and especially documentary filmmakers,
our job is to take a peek inside different lives, times, and
events; ones that the viewer may have never seen, but
in some way have inexorably altered the world we live in.
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From issues that touch our lives today, such as U.S. diplomacy stratagem, to the aftermath of the civil rights movement and the birth of affirmative action, to the more profound journeys, such as studying how jazz music has helped to shape the cultural landscape of America. Our joy is to share these experiences with you, to collect and document footage of the events that have molded our civilization into what it is today.
Model U.N. for Everyone
Model U.N. For Everyone, produced for the United Nations Association of the USA, is an inspiring, energizing and informative look inside the world of Model U.N. at the high school and college levels. Filmed at real Model U.N. conferences, at U.N. Headquarters and at Model U.N. clubs, this unique film showcased the special excitement that is at the heart of the Model U.N. program. The film features Model U.N. students, faculty and parents as well as Secretary-General Kofi Annan and rarely seen U.N. archival footage.
Negroes with Guns looks at civil-rights era radical and controversial black activist Robert F. Williams, who pre-dated the Black Panther Party in his call to self-defense. Initially making local headlines for his involvement with the Monroe, North Carolina NAACP in the 1950's, he soon attracted national and international notoriety with his message of armed resistance to violence against blacks. His vow to "meet violence with violence" not only put him at odds with the Southern white power structure and the civil rights establishment, it also landed him on the FBI's most wanted list.
Also see a Variety Review on our
Negros with Guns premiered at Lincoln Center in March 2004.
Please visit The New York Times and read the article posted on February 7, 2006. Click here.
Porgy and Bess: An American Voice
The historic saga of George Gershwin's immortal American opera is traced from the publication of DuBose Heyward's novel PORGY in 1924, continuing on to the opera's premiere in 1935 and the many legendary productions that followed through the decades. Kitty Carlisle Hart, Francis Gershwin Godowsky, and scholars share their insights and memories. Narrated by Ruby Dee, this documentary features many cast members in interviews and performance clips, including Leontyne Price, William Warfield, Maya Angelou, Diahann Carroll, Grace Bumbry, and Willard White.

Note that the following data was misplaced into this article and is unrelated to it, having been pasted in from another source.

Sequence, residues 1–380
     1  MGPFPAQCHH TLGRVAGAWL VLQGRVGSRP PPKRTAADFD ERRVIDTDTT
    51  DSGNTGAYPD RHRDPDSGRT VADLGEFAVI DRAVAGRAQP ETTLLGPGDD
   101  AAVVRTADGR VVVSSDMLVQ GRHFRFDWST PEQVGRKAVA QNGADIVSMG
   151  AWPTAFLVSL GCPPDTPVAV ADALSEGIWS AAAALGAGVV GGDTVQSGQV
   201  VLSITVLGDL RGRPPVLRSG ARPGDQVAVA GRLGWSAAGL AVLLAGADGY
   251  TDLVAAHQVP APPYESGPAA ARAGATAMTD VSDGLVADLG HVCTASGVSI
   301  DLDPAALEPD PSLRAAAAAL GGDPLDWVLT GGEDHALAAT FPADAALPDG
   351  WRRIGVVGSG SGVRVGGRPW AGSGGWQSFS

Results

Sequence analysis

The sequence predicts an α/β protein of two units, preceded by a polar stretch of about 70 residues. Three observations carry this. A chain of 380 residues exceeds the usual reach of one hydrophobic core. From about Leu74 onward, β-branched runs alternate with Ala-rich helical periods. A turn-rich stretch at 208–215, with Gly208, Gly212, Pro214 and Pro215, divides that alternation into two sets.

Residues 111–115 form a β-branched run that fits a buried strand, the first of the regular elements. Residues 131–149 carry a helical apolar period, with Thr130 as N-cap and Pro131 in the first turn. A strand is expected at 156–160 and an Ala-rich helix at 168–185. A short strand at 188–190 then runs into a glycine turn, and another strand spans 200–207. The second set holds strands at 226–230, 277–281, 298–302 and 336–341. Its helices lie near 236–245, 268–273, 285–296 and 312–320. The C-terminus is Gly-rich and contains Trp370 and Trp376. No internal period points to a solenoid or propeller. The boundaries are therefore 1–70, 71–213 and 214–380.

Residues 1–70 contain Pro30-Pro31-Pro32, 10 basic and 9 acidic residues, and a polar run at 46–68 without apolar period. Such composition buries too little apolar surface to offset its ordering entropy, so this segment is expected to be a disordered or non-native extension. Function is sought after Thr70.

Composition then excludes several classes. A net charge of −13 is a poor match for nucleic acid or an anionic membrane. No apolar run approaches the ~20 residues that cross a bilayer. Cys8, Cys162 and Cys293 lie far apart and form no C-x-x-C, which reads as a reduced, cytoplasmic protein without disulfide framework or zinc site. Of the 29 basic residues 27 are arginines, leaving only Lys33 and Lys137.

Harlem in Montmartre: Paris Jazz
In conjunction with Channel 13/WNET's Great Performances, Harlem in Montmartre: Paris Jazz explores the vibrant expatriate jazz community which formed among the hills of Montmartre, Paris between the Great Wars. Based on a book written by distinguished Berkeley anthropologist, (the late) William Shack, this film will not only examine the life and times of such notables as Josephine Baker, Sidney Bechet, Bricktop, Eugene Bullard, Langston Hughes, Louis Armstrong, Coleman Hawkins, and Django Reinhardt, but also the social, racial, and cultural implications of their rich and disparate experiences.
As the Harlem Renaissance sailed
across the Atlantic and morphed into Le Tumult Noir, it became, not a black
metropolis, but a concentration of itinerant musicians, with a frenzied night-club
culture at its core. This Harlem-style jazz brought a gaiety and merriment
which Europe was so desperate for; costumed, scantily-clad chorus girls delivering
bawdy lyrics and furiously can-canning their way away from the brutality and
bitter memories the Great War had left behind.
The John Baker Collection of the American Jazz Museum
Over five decades worth of raw footage, baring witness to the roll that jazz has played in shaping America’s cultural landscape. Languishing in obscurity for over twenty years, Vanguard Documentaries, with thanks to the NEA, is proud to have been given an opportunity to take part in documenting the process of recovery and restoration of vintage film.
Located in historic Smith & Vine, in Kansas City, MO, the American Jazz Museum is the leading jazz museum in the United States. Vanguard Documentaries is consultant and advisor on the John Baker Collection, one of the world’s largest jazz film archives.
Produced for the United Nations Association of the USA, this film explains the workings of Global Classrooms, a Model U.N. based program designed as a free-of-charge curriculum for under-served, urban school districts. Through featuring culminating Model U.N. conferences throughout the country, this film highlights the successes of UNA-USA in their quest to diversify the Model U.N. community and educate our next generation as global citizens.
Soundtrack to War:
We are working with director George Gittoes to secure North American distribution for this 90 minute documentary. A 30 minute version was shown on VH1 and reviewed in The New York Times.
The History of the Bicycle
We are developing a film project with one of the words leading authorities on this subject.
The World's Most Expensive Coffee:
The Jamacian Blue Mountain Coffee Story
An exciting new film from Vanguard Documentaries – Blue Mountain Gold – will capture an under-explored, little known side of the island of Jamaica.